For those ginger ale drinkers who were left high and dry by the Canada Dry settlement, you may be in luck. Seagram’s has settled a lawsuit filed over similar allegations—specifically that its ginger ale products were wrongfully labeled as being “Made with Real Ginger.” You don’t need to have proof of purchase to claim your piece of the $2.45 million settlement, but if you do, you will be eligible for more money than if you didn’t. (This is why we always advise keeping your receipts!)
For this case, the settlement site is already live. So, if you bought Seagram's Ginger Ale, Seagram's Diet Ginger Ale, Seagram's Raspberry Ginger Ale, or Seagram's Diet Raspberry Ginger Ale between April 1, 2013 and June 23, 2019, you can file a claim right now if you so choose.
Revised $117.5 Million Yahoo Data Breach Settlement Given Preliminary OK
It looks like we’re finally nearing the end of the long and arduous multidistrict litigation brought on by multiple data breaches involving nearly 194 million Yahoo accounts compromised between 2012 and 2016. A revised $117.5 million settlement has been granted preliminary approval by United States District Judge Lucy Koh after two previous iterations of the deal were rejected for being too vague and inadequately describing the nature of a 2012 security incident, which, by the way, wasn’t revealed until last year.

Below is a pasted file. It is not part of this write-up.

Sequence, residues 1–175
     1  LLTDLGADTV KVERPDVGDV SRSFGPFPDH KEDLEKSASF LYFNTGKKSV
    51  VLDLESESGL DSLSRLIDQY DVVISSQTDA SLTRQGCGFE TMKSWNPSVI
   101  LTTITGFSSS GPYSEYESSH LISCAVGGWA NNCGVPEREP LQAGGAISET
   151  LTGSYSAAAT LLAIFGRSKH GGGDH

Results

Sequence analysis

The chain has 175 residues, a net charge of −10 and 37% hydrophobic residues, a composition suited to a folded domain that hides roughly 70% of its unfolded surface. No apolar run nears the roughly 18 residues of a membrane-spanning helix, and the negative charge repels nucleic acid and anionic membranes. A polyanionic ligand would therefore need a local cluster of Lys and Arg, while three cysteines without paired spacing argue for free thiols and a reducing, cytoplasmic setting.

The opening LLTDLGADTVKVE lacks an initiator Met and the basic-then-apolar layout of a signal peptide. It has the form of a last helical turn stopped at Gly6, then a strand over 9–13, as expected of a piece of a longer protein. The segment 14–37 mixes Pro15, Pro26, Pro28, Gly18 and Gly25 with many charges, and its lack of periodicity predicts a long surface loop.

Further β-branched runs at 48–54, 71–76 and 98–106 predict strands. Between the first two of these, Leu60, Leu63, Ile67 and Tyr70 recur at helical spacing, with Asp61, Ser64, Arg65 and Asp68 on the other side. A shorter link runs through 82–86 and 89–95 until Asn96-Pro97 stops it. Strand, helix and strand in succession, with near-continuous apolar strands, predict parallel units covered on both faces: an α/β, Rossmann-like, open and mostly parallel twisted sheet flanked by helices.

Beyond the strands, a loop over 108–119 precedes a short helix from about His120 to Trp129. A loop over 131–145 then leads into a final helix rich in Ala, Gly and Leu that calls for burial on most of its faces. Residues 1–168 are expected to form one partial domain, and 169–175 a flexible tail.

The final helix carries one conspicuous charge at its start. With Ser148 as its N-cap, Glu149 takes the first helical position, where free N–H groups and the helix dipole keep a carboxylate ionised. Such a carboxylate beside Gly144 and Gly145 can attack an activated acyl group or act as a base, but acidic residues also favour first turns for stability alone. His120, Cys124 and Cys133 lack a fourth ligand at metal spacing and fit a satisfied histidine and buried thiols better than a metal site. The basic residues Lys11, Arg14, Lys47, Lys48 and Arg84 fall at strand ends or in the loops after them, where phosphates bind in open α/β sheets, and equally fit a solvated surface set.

The final fairness hearing is set for April 2, 2020. If granted final approval, the settlement will cover:
All U.S. and Israel residents and small businesses with Yahoo accounts at any time during the period January 1, 2012 through December 31, 2016.”
In addition to compensation and credit monitoring for class members, the settlement requires Yahoo to beef up its cybersecurity staffing and budget. Class action notices should be going out soon—barring any other roadblocks—so keep an eye out for instructions on how to file your claim.
Google Settles Age Discrimination Suit with Prospective Engineers